Rada is the term for "parliament" or "assembly" or some other "council" in several Slavic languages. Normally it is translated as "council". Sometimes it corresponds to "parliament", or in Soviet Union contexts, to "soviet". It also carries a meaning of advice, as in the English word "counsel".

EtymologyEdit

Old High German rāt (from Proto-Germanic *rēdaz) passed (possibly through Polish) into the Czech, Slovak, Ukrainian, Belarusian and Russian languages.

Alternately the source was the Gothic language radan - 𐍂𐌰𐌳𐌰𐌽 - to council, to deliberate, that passed to West Slavic in the Iron Age during the Wielbark and Chernyakhov cultures presence along Vistula river and in Western Ukraine, as the term "rada" may be present in such first millennium CE names as Slavic Radogoszcz, Radgoszcz, Radhošť, Radegost, Radagast, Ardagast - Radogost, and Gothic Radagaisus. The dispersal to East Slavic Languages, could have happened later, possibly through Polish.

Råd in Norwegian, Danish, and Swedish, Rat in German, neuvosto or raati in Finnish and nõukogu or raad in Estonia/Dutch mean "council" or "assembly", but also "advice", as it does in East Slavic (except Russian) and West Slavic, but not South Slavic, languages.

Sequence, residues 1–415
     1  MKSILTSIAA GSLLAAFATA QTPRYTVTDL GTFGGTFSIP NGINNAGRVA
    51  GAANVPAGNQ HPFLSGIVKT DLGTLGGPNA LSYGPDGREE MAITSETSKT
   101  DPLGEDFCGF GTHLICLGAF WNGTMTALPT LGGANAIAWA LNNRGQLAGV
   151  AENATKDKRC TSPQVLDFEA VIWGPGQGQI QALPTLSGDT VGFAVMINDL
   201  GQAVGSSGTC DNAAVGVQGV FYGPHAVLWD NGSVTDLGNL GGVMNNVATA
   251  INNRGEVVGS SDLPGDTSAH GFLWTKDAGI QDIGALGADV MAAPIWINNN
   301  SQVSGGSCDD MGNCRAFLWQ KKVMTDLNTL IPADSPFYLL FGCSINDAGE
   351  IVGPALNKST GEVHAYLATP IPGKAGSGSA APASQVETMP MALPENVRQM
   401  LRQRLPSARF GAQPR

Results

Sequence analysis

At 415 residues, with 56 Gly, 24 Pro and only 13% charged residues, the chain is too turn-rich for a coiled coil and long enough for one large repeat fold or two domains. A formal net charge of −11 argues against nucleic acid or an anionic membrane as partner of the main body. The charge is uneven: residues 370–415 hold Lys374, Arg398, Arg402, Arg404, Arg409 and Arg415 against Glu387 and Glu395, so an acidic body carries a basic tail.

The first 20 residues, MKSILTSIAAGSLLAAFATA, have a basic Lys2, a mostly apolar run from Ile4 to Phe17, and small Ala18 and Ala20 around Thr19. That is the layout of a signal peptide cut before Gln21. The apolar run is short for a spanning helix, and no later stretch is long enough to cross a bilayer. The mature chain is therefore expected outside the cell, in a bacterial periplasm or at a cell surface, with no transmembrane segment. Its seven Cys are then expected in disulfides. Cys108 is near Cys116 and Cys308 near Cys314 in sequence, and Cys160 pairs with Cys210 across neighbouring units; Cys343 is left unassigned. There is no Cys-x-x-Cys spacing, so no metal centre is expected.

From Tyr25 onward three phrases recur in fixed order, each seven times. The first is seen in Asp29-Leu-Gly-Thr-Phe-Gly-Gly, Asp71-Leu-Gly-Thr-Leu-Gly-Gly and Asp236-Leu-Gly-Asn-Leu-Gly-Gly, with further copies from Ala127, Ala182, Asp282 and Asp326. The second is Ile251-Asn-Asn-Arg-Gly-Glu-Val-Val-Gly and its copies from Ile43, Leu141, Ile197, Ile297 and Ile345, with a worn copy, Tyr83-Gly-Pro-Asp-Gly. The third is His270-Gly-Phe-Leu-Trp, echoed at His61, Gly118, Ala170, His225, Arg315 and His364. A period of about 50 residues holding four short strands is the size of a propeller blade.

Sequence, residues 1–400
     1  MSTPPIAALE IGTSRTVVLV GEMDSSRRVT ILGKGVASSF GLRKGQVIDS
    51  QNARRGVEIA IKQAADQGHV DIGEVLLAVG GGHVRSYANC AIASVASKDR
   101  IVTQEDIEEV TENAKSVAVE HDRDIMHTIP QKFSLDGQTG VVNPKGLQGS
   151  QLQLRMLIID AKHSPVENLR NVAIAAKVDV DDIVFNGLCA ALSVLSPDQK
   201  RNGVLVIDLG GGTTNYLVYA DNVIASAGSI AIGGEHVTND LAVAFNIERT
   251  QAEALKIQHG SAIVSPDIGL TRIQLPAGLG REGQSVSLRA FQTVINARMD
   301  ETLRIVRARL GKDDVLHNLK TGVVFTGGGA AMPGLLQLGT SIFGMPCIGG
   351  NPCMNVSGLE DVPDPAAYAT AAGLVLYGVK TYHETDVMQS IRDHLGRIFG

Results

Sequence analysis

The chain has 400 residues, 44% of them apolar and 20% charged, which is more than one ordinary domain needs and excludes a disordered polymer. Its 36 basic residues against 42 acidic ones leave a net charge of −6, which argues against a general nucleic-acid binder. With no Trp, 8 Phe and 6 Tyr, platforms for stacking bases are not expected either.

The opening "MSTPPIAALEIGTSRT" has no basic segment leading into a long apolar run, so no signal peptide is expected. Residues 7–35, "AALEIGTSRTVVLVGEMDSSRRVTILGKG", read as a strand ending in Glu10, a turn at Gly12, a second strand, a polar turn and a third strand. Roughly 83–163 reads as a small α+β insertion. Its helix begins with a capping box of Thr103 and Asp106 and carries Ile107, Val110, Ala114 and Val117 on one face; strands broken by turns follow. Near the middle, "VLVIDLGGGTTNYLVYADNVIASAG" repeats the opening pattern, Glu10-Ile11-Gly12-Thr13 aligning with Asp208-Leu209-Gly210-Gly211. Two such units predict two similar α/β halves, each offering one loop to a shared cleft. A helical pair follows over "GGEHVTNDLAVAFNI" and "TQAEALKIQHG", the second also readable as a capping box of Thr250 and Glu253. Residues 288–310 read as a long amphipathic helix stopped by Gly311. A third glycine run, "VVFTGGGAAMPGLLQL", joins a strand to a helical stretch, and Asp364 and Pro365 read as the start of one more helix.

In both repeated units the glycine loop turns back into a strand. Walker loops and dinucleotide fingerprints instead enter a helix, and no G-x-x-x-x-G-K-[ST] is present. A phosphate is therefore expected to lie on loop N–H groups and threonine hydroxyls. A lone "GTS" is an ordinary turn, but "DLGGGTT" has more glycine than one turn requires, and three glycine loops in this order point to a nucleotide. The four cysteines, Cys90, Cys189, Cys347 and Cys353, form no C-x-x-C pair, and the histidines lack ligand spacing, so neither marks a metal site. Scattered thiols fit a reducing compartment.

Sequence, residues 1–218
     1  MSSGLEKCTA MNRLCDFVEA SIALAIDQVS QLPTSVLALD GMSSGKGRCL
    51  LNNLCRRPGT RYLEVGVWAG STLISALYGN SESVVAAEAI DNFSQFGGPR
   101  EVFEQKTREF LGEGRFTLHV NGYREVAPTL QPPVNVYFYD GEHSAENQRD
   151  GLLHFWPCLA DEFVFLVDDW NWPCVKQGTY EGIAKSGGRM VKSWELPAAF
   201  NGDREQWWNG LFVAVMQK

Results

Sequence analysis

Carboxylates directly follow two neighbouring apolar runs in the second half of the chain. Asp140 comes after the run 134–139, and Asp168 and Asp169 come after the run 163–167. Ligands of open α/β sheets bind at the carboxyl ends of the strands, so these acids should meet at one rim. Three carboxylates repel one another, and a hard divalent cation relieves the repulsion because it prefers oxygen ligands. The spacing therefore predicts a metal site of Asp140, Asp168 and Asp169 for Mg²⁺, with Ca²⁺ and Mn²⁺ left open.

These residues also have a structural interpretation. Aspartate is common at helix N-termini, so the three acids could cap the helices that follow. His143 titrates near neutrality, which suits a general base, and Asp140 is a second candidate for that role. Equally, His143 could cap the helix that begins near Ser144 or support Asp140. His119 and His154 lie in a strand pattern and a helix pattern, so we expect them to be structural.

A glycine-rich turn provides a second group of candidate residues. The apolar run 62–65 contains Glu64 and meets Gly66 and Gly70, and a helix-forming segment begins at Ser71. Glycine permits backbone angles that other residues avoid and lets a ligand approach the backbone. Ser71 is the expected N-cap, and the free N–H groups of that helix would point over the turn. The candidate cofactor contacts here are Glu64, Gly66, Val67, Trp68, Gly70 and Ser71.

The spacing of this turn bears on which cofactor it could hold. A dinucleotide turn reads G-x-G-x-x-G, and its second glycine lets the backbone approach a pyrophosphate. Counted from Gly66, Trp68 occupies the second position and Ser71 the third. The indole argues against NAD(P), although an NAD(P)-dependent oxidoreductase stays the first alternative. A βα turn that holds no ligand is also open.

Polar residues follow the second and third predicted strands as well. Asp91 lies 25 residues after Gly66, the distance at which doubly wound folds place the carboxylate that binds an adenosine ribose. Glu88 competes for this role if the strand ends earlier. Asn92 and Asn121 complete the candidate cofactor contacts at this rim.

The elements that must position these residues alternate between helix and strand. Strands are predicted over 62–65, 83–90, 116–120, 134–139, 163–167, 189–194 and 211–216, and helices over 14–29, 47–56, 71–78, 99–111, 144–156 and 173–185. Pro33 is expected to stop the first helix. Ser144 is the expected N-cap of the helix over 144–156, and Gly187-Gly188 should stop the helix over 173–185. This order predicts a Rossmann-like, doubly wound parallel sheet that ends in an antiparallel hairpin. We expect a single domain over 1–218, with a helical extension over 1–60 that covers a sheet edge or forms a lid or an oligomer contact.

In Swedish the verb råda (to counsel) is based on the substantive råd. This is similar to Danish råd (noun) and råde (verb).

ExamplesEdit

In Belarus

In Czechia

In Poland

In Slovakia

In Ukraine

Historically, the Verkhovna Rada was also the Supreme Soviet of the Ukrainian Soviet Socialist Republic (Українська Радянська Соціалістична Республіка [УРСР], Ukrayins'ka Radyans'ka Sotsialistychna Respublika [URSR]), which was itself part of the Union of Soviet Socialist Republics (Союз Радянських Соціалістичних Республік, [СРСР]), the word rada replacing the Russian word soviet in both cases. See official names of the Soviet Union.